Are you familiar with cycling?  If not, please read up on it here.  I have a few links for you to look at.  You need to understand the cycling process.  This will determine how well you do in this hobby.  Until you learn this, you will probably lose fish.

You will need some sort of device to clean your tank.  My suggestion is to get one of those syphons from WalMart or your local fish store (lfs).  They are under $10.00 and are essential to the health of your tank.  They will not only keep the gravel clean, but they remove water which will be replaced with fresh water, and your fish need that. 

Until you can post back, please get something like a cheap water pitcher from WalMart and change out some of that water.  Also, cut back on the feeding to once a day, and only a pinch.  My guess is that your strips are wrong, and your ammonia and/or nitrites are high.  The water change will relieve a little of the stress on your fish.   

P.S. If you are not already doing this, you need to condition your water before adding it to the tank if you are on city water. Most municipal water supplies contain chlorine and/or chloramines. Any water conditioner meant for aquarium use will be fine. And you also need to get the temperature of the water going into the tank as close to the same temp as the tank water so you don't shock your fish.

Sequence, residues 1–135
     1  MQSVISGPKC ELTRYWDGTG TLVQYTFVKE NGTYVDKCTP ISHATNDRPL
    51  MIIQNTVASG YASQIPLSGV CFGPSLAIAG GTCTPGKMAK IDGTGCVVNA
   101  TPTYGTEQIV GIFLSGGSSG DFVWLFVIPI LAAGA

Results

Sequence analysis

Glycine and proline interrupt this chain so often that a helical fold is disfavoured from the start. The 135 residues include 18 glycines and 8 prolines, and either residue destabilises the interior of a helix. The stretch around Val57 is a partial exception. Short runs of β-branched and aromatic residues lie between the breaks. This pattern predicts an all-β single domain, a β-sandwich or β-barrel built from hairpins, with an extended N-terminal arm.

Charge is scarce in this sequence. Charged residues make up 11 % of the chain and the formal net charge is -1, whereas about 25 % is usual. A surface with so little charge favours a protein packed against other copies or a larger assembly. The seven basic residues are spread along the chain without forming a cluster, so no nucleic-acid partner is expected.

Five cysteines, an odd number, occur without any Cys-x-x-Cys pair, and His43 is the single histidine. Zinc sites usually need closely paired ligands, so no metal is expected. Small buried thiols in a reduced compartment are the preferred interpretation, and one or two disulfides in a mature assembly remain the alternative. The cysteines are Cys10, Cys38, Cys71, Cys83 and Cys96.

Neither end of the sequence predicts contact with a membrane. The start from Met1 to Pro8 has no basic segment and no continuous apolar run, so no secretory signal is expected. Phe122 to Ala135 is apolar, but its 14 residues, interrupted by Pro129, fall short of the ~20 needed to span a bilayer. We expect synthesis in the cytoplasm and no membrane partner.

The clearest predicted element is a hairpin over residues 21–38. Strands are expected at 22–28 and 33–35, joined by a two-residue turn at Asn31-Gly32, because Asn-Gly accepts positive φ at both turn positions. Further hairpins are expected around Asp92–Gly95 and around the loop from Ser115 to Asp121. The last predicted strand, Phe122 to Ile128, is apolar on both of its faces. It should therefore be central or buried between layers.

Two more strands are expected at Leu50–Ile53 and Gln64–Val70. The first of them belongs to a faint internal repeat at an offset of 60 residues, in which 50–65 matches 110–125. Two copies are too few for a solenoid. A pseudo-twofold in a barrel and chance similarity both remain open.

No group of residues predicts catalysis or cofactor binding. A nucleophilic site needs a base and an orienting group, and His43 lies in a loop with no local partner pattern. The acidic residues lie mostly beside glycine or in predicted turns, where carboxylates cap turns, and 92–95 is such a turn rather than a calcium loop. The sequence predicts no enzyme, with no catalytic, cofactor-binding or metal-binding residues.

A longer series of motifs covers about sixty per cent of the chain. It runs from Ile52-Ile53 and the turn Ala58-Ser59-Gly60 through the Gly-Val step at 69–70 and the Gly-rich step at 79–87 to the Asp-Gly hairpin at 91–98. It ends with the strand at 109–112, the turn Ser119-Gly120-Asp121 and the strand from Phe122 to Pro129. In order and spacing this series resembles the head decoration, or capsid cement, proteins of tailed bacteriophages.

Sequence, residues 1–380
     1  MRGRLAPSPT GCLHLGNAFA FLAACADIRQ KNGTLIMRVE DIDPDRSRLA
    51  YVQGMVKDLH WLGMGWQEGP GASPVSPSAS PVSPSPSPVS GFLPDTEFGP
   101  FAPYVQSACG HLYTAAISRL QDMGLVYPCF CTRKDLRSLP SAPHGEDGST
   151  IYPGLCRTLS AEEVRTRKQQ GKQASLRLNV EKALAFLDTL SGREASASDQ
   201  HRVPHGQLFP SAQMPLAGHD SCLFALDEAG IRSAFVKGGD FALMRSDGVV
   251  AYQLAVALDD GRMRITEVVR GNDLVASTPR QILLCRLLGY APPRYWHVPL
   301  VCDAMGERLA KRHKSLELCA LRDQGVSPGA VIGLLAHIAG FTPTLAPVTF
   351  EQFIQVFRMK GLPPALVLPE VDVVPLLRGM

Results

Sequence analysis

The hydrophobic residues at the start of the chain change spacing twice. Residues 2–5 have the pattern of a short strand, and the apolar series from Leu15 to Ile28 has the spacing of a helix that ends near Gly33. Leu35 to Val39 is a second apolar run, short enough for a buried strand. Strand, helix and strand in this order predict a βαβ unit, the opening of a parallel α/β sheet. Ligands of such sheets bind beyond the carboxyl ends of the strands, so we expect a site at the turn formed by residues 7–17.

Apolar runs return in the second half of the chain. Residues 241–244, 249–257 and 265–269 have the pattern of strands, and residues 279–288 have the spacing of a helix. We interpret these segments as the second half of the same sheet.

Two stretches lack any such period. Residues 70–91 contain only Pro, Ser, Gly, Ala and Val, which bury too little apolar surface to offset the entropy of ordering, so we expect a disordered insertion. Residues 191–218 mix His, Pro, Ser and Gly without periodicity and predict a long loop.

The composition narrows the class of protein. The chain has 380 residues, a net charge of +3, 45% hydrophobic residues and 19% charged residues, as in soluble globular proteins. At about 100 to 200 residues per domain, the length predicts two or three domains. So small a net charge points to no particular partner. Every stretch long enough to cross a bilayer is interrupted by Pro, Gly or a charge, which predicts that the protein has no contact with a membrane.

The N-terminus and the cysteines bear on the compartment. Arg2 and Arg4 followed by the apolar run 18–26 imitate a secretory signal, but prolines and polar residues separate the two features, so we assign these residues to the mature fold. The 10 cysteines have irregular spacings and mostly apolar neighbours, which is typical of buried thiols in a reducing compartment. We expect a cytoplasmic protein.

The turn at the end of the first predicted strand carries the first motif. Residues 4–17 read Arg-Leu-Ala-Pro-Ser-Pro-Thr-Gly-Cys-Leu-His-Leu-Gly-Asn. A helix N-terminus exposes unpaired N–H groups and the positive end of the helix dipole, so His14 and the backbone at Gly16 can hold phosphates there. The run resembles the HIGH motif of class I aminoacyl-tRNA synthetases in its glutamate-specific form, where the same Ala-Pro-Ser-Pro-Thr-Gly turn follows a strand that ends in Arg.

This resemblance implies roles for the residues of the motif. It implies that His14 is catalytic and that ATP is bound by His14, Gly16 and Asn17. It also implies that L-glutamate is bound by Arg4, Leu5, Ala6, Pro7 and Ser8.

• #3
For cleanings between water changes, I use a turkey baster in my smaller tanks. Works great, just make sure that it is ONLY used for the fish tanks.
  • Thread Starter
  • #4
Thanks for the info. It is difficult to judge the colors on those test strips.

From what I can tell with the test strips:
nitrate is 0-20 ppm
nitrite is 0-0.5 ppm
hardness is about 150 (GH) ppm
alkalinity is about 120 (KH) ppm
pH is about 7.0
There is not a reading for ammonia.

I'll look into getting the Master Test Kit.

I used the aquarium for goldfish previously and read about cycling prior to getting them. After I lost the last goldfish (RIP Patches), I did about a 50% water change and kept the tank running for about a month. The only thing I did was add AlgaeFix occasionally. Then I bought the heater and later added the rosies. I do have a siphon and change about 20% of the water weekly. I have 3 one-gallon water jugs that I fill and let sit for a week before changing. I also add Stress Coat. To avoid thermal shocking, I add the new water slowly, about 1/4 gallon every hour or so. Is there a better (faster) way to do this?

Regarding cleaning up the uneaten food, I was wondering if a bottom feeder would help. Or should I hold off on adding another fish while the rosies are acting this way?